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Universal Credit - bleeding the poor

universal credit

Universal Credit (UC), the government’s flagship welfare reform, is now being rolled out to over 105 local council areas, roughly a quarter of local authorities – hitting all new claimants with a minimum five-week waiting period for any pay out, reduced from six weeks by the Autumn Budget. This not only affects those leaving school or work who require a new payment of Jobseeker’s Allowance, but people who have been receiving benefits to subsidise their poor wages and extortionate housing costs, who have or will be transferred onto the new welfare regime. For these people, all of the benefits they were previously entitled to – including housing benefit – will be suspended until their new UC claim is validated. LUKE MEEHAN reports.

This gap in payments has already led to a marked increase in food poverty and mounting rent arrears – with research by the Trussell Trust reporting an unprecedented surge in the use of foodbanks in areas where UC has been implemented, and Freedom of Information requests in September 2017 revealing that roughly half of claimants were at least a month behind with their rent, and thus at risk of eviction. Further research by the Resolution Foundation has indicated that 57% of claimants have been forced to borrow money while waiting for their payments to come through, meaning that repaying interest on loans will join rent arrears in eating into the little money they eventually receive.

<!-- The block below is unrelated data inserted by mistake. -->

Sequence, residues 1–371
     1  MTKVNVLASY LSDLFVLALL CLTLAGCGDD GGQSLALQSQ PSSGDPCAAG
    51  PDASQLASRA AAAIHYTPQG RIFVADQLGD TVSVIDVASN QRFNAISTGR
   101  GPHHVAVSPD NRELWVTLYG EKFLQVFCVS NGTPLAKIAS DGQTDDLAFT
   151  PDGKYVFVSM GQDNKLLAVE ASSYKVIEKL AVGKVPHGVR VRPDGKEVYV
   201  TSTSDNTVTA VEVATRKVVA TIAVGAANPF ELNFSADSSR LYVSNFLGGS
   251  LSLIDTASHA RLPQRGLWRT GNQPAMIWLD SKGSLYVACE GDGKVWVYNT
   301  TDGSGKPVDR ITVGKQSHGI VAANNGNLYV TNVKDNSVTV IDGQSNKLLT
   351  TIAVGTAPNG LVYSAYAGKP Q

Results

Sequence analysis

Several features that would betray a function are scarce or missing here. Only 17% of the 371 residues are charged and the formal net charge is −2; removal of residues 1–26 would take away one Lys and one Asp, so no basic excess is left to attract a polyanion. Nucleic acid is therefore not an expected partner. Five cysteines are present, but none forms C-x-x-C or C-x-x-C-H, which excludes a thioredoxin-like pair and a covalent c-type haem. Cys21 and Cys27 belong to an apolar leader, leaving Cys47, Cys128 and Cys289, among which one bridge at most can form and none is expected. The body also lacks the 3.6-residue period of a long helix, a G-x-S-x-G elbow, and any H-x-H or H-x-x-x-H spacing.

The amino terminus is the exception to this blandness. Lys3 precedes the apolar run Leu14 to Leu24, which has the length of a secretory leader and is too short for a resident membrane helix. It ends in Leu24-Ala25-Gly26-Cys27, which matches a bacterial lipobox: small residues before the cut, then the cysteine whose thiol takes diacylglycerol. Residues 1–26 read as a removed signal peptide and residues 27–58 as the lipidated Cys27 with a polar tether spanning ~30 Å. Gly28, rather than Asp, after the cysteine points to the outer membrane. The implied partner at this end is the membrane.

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Why we must fight to save Ledbury Estate